| A Beating on the Anvil: Red Mtn Pass Series
*First Edition to the Red Mountain Pass Series
*Red Mountain Pass Series
This edition is the first in a series of trips taken over a period of two weeks. The idea of linking my three reports of three different mountains came only recently. The three peaks that we hiked are all along the Hwy 550/Million Dollar Highway/Red Mtn Pass area, and they're a reasonable bunch to do in winter when other peaks may have access issues or avalanche concerns. I hope I have provided enough information and inspiration for others to check them out.
Thank you, and I hope you'll enjoy these reports!
2nd Edition, McMillion Dollar Views
3rd Edition, Duco
December 15, 2013
Hikers: Terri Horvath & Darin Baker
Anvil Mountain (12,537’)
San Juan Range
Red Mountain Pass/Silverton area
Views to the N/NE; Red Mountain Pass area
Trailhead: Winter-time parking at junction of Ophir Pass Road & Hwy 550; hike starts on opposite side of parking area (i.e., E side of 550)
Route: NW ridge (see map at end of report)
Distance: ~2.5mi’s RT (miles/round trip)
Elevation Gain: ~2400’
Time to Complete: ~6+hrs RT; ascent = 4+ hrs, descent = you do the math
Difficulty: Class 2; steep heavily treed ridge with trail breaking in snow; start of hike is parallel (to the S) of a gully/potential avalanche run-out area; coincidentally there was a reported large avalanche the same day as our hike but in a different slide path than the one at the start of our approach
Hiking up treed ridge
Gear: daypack w/Essentials; additional seasonal/winter conditions gear (e.g., avi-gear, snowshoes, goggles, thermos, etc.)
Resources Used For Trip Planning: summitpost.org (sp)has a page for Anvil that led me to this route which was a big help; NOAA weather forecast; CAIC avalanche conditions/forecast; Nat-Geo/Trails Illustrated Map #141
Have you ever felt like you had gotten a severe beating from hiking a mountain? Pounded like steel on an anvil? With the lack of high alpine hiking from my life in recent months, a beating is pretty much what I was feeling when we hiked Anvil. Lungs – heart – legs – all of it was getting worked over in the ring. If it wasn’t for Terri breaking 99% of the trench, I would not have made it. She is the winner in this bout!
The last alpine hike I did in CO, the ground was clear of snow! With the somewhat frequent snow storms CO has received this late fall there’s a fair bit of snow to contend with, and which you may surmise, it isn’t always easy to trudge through. Pile those conditions on top of my physical condition from being near sea level for most of this year and not hiking much, I was in for a much needed workout!
We got to the parking area at about 8:30am. The winds were whipping and my tail was already tucked. It looked to be a challenge in the alpine! Snow blowing off from the leeward side of Anvil was going over the top of our ridge route above treeline. Terri gave a hopeful suggestion that maybe they would subside by the time we reached the alpine. Thankfully as it turned out, she was right!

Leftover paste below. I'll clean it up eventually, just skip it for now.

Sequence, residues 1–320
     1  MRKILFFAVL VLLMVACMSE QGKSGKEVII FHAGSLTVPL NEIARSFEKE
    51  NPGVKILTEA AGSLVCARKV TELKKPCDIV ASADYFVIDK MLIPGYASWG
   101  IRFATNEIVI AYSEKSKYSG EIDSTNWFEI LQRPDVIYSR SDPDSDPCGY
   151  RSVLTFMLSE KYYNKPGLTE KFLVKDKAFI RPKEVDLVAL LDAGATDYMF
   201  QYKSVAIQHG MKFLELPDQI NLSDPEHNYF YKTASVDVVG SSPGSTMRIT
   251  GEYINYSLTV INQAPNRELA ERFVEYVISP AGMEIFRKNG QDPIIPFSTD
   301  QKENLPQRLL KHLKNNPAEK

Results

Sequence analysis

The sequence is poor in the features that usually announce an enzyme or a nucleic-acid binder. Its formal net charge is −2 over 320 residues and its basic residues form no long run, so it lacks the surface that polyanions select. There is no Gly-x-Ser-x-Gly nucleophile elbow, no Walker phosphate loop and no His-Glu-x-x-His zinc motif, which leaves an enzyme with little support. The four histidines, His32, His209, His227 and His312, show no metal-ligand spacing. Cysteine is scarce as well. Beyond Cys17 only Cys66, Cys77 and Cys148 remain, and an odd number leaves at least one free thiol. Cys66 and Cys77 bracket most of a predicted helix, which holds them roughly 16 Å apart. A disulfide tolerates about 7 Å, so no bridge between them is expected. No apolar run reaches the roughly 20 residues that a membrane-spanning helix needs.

Terri and I got our packs on, strapped shoes on our feet, and started our trudge up the mountain. We did our best to stay off of the skin track (for those that detest us snowshoers stepping in your track!) and plodded along. We essentially paralleled the skin track as it meandered to the ridge. This local popular winter route sees plenty of traffic as was suggested on sp.
Snow conditions were not horrible, but then again Terri was doing all the trench work! I was still punching through deeper at times, in part because I didn’t have the tails on my snowshoes. Those might have helped.
An occasional window on the route
Peaks above S Mineral Creek (not sure which peaks these two are though)
After several hours of snowshoeing up through the steep timber, we finally came upon this view
I was already geared up for wind when we hit treeline because this flatlander nomad is not used to Mother Nature’s wrath in the mountains! Terri on the other hand was working hard throughout the morning as she forged our way up the ridge, so she needed a stop for a wind layer. Oh, a break?! I’ll gladly take another!
Once out of the trees and on wind hardened snow, I was able to get into a better rhythm and move a little more efficiently.
Not to say I didn’t have to take a knee from time to time
(Photo by Terri)
Terri working her way up the ridge with Ophir Pass Road visible down below
1:10pm and we’re finally approaching the summit!
Terri scoping out ridges above Silverton for other winter possibilities
Peaks along the Grenadier spine
Peaks in the Needle district
Ice Lake group
Mislabeled: “V2” is actually “V5”
For views like this, I’ll gladly accept the beating to get here
The descent went smooth, as we continued to admire the San Juan beauty
(Photo by Terri)
Back on our track in the trees, we made good progress going back to the car. Great day out, and I’m glad Terri pushed the trench and got us out of the trees in the morning.
Thanks for reading,
Thumbnails for uploaded photos (click to open slideshow):